As many of you know, I get exercised about ethics amongst dealers, repairers and restorers in this hobby. My main theme is that there are no standards so we are at the mercy of the sensitivity, or lack therof, of the people into whose hands pens fall.
In the thread elsewhere in Pens Past on Warren N. Lancaster, David Nishimura tells a story of an early Lancaster nib that fell into the absolute wrong hands. I thoughtlessly hijacked the thread with my reaction to that story. To somewhat atone for the hijacking, I am moving my reaction over here in the hopes of opening a wider discussion of ethics in our hobby.
The post read as follows:
I also was on the trail of a large ventless nib marked something like "LANCASTER/F.P. Co." a few years back. Unfortunately, it ended up getting sold to Nathan Tardif, who as I recall recrafted it as a user (made into a music nib, I seem to recall) to stick into a customer's 58.
O.k. That's it! I have officially placed Nathan in my "Philistines not worth the space they occupy" list! For years I have listened to his fruity rants (anyone remember the Rosanne Rosanna-Danna bit with the Waterman Swastika pen and the resultant self-promotion with clumsy, clunky attempts at overlay on Waterman 52s?) that make my wierdest excursions read like Marcus Aurelius and the Dali Lama, or looked at his lunatic, half-assed projects like inks that won't freeze at absolute zero or the "harpoon" nib (so, not everything one can do ought to be done, expecially when it makes even good handwriting look like shit). But to take an unquestionably rare nib from a very hard to find maker and slice it up on the whim of some know-nothing whose only claim to interest in pens is a fat wallet! That's just too much!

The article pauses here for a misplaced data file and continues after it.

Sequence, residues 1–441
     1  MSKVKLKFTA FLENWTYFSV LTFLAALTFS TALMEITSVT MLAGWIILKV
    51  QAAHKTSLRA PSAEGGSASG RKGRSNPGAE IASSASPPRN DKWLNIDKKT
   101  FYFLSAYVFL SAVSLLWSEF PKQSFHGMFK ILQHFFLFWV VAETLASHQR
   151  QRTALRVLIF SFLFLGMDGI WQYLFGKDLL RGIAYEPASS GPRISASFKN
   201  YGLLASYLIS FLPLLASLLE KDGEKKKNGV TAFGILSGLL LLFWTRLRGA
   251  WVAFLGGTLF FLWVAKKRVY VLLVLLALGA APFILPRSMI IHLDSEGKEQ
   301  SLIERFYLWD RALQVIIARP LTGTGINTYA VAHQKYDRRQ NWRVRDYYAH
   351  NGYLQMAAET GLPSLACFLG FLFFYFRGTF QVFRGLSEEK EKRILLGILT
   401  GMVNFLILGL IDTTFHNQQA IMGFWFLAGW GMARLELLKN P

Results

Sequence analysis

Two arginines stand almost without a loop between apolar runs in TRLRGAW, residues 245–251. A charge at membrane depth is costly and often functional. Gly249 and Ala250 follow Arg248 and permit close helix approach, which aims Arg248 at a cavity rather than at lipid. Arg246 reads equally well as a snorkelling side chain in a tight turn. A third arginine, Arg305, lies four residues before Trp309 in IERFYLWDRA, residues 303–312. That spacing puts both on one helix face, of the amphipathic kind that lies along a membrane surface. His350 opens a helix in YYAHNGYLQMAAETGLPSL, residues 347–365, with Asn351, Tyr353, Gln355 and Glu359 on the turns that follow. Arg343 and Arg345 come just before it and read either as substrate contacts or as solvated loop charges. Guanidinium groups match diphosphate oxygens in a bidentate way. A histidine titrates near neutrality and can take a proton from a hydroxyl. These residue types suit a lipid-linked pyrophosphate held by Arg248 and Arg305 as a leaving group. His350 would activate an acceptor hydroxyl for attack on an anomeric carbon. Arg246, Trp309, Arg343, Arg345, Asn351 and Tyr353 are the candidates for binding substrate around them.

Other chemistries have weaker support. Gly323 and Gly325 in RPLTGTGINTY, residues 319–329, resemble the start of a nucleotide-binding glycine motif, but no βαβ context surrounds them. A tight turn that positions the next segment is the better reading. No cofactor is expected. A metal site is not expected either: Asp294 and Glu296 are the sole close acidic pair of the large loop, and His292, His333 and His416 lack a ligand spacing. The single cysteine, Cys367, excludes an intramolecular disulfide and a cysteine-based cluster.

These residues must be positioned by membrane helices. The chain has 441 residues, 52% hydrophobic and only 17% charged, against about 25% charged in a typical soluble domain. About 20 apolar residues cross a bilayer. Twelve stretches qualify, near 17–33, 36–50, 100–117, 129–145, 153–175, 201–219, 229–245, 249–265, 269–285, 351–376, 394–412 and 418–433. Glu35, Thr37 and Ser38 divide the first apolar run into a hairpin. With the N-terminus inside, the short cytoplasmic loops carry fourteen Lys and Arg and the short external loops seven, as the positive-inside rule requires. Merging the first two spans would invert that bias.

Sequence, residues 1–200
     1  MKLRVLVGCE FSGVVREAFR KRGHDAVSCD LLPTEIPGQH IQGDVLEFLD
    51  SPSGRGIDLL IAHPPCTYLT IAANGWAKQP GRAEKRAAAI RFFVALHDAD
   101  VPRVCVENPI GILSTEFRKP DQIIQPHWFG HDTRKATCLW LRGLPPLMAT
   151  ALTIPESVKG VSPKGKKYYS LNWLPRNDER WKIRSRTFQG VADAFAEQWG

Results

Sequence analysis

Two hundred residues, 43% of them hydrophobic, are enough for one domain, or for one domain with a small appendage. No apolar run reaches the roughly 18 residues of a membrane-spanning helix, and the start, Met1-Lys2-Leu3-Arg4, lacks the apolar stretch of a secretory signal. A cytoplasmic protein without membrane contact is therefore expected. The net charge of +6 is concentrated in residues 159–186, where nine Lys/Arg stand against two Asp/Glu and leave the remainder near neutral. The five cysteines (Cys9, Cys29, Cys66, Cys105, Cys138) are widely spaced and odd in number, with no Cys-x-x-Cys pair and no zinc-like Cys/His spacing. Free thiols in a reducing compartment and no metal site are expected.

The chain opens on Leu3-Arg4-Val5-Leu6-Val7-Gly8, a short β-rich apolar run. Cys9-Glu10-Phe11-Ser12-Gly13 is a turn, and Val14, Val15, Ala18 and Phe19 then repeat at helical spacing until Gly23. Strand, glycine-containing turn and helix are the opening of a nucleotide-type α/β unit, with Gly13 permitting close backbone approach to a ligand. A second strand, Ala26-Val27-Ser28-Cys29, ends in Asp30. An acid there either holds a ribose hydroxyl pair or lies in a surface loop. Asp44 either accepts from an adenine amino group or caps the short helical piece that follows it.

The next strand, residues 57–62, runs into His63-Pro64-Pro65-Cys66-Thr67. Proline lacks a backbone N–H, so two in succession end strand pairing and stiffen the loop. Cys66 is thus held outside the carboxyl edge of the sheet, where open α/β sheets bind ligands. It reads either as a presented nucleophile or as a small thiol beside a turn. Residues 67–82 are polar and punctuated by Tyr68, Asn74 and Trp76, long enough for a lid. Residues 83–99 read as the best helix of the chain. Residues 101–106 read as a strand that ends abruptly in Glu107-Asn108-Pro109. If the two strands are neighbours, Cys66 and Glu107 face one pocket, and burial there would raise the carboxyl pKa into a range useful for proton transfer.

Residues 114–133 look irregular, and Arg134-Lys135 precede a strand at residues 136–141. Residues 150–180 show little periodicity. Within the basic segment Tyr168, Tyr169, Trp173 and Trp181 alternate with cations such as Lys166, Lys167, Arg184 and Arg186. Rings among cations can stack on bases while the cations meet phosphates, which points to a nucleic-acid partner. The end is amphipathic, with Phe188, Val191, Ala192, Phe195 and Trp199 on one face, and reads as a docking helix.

I'm sorry, folks, but I can't have any respect for a person who can't respect the history of the fountain pen that collecting attempts to preserve. Nathan ham-handed futzing around with Waterman 52s and Parker 51s is one thing. Willfully destroying a large Warren Lancaster nib is just vile ignorance unchecked. That's unforgiveable.
I'm sure that I will hear from the worshippers of St. Nathan of Tardiff on this one, but that's just too much! mad.gif
P.S. Elaine, feel free to join in at any time. laugh.gif
A week ago oin Pentrace Richard Binder posted a photo of his conversion of a 1920s Parker Duofold into a Chilton style pneumatic filler. It was by all appearances, excellent work which just happened to be a dead ringer for William E. Moore's patent #1,801,635 from April 21, 1931. I pointed that out to Richard but got silence in return.
Now, I'm sure that Richard would defraud no one and I'm equally certain that anyone who buys that pen from him will know that it's a contemporary conversion of older pen parts. But what about the second or third buyer? Unless the pen is clearly marked as a product of the 21st Century there is every reason to believe that it will show up at some auction of the future as a "rare prototype" of Moore's patent as if it were the product of the early 20th Century. That will happen unless the pen is marked as a Binder conversion, something that a craftsman like Richard should surely want to do as a matter of course.
We need some standards in this hobby. Standards that would sanction someone for destroying a very significant bit of pen history in the mindless pursuit of a buck or for thoughtlessly creating fake "rarities" to confuse future collectors. Caveat Emptor just won't do when we have "mad scientists" and thoughtless blunderers in the hobby screwing with the historical record.
O.k. This part of the rant is over. What are your thoughts?